Theodor Seuss Geisel, better known as Dr. Seuss, was born March 2, 1904, in Springfield, Massachusetts. His father and grandfather managed the family brewery in town, while his mother told him and his sister, Marnie, rhymes she had remembered being told from childhood.
Geisel attended Dartmouth College after graduating from Springfield’s Classical High School. When attending Dartmouth, he joined a fraternity and the college’s humor magazine, the Jack-O-Lantern. He worked hard writing for the magazine, and became the editor-in-chief. Theodor Geisel and some of his friends were caught drinking, which was against the school policy, forcing him to resign from all extracurricular activities. Since he did not want to resign from the magazine, Theodor started to sign his work with the pen name of “Seuss”. It was not until after college that the “Dr.” was added to the front of “Seuss”.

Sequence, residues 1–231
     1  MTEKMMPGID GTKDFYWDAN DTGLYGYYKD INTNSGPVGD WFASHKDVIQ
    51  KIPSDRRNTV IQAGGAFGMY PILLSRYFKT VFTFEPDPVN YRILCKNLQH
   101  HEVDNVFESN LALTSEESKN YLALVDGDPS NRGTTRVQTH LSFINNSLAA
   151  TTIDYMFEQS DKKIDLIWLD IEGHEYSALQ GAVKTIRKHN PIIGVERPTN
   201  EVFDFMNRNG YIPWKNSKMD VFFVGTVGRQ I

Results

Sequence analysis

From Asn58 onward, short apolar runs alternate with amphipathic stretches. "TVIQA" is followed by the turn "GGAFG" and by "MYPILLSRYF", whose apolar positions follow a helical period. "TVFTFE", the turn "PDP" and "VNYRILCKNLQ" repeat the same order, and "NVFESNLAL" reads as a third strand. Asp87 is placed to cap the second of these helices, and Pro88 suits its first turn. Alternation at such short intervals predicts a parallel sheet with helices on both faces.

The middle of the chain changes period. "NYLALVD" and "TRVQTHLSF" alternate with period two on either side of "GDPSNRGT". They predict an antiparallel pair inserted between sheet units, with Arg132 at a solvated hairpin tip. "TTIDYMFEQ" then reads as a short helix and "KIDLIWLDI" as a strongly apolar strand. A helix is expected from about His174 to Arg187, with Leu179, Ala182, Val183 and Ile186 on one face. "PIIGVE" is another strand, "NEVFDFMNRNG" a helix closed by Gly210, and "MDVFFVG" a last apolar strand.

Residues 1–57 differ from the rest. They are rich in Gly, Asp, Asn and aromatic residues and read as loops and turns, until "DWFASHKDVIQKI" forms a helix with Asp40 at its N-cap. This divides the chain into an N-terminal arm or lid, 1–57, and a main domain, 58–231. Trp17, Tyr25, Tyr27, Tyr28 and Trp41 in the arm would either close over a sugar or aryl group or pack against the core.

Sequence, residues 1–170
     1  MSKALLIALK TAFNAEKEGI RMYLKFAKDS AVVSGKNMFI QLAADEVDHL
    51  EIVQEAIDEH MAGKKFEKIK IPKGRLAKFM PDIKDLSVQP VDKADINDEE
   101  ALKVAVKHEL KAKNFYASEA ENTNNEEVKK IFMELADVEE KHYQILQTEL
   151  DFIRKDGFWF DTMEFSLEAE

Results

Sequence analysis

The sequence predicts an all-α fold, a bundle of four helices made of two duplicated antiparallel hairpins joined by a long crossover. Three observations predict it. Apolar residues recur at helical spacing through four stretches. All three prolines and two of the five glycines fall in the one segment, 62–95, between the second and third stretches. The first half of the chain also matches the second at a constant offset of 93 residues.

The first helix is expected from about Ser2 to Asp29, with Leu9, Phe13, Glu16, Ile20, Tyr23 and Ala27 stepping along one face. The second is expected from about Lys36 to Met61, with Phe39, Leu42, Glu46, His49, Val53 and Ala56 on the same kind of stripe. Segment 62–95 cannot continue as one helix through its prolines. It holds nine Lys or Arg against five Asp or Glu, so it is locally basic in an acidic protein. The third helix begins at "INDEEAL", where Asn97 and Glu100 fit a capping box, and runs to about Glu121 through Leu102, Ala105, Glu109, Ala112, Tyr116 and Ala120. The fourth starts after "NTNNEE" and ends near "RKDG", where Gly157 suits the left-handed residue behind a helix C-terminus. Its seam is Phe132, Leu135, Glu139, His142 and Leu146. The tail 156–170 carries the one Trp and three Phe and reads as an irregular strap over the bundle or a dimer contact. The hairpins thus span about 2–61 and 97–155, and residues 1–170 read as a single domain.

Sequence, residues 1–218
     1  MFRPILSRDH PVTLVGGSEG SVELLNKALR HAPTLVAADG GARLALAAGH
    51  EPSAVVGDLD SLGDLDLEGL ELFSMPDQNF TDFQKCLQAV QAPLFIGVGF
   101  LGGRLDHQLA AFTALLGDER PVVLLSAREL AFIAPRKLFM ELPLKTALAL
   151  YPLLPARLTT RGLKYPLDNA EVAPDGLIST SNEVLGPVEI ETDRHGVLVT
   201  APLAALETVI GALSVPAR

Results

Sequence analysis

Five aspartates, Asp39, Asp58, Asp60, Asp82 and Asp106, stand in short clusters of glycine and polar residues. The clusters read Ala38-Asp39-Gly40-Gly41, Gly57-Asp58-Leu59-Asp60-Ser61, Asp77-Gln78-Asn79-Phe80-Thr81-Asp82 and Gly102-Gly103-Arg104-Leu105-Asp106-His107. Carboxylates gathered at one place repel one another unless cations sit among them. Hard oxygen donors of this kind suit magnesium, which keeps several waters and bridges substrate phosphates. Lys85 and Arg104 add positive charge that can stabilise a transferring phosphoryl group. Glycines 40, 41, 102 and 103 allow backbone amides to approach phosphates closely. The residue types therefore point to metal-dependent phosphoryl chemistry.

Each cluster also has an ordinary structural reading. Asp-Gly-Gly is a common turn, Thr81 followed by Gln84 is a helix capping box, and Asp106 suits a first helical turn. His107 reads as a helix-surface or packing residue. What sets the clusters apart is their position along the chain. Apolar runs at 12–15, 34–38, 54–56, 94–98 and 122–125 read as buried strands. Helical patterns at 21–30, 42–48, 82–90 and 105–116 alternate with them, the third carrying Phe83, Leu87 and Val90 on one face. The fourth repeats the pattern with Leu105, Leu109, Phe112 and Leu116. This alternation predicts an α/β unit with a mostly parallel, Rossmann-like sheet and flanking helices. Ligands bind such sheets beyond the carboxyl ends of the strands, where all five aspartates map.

Geisel’s father wanted him to be a college professor, so to please him he went to Oxford University in England following his graduation from Dartmouth College. While at Oxford, he became bored with academic studies and made the decision to tour Europe instead of studying. Even though he found Oxford boring, he met his first wife, Helen Palmer, while attending.
When Geisel was done with his tour of Europe and returned to the United States, he started his career as a cartoonist. Some of his cartoons were published in The Saturday Evening Post, and he also had more published in other publications. Theodor Geisel also spent more than fifteen years creating advertising campaigns. He started doing weekly political cartoons at the beginning of World War II. To help with the war, he made training movies for the U.S. Army. This was when Geisel was introduced to animation. He began illustrating children’s books when an editor of the Viking Press proposed a contract to him.
Theodor Geisel’s first wife committed suicide on October 23, 1967, after struggling...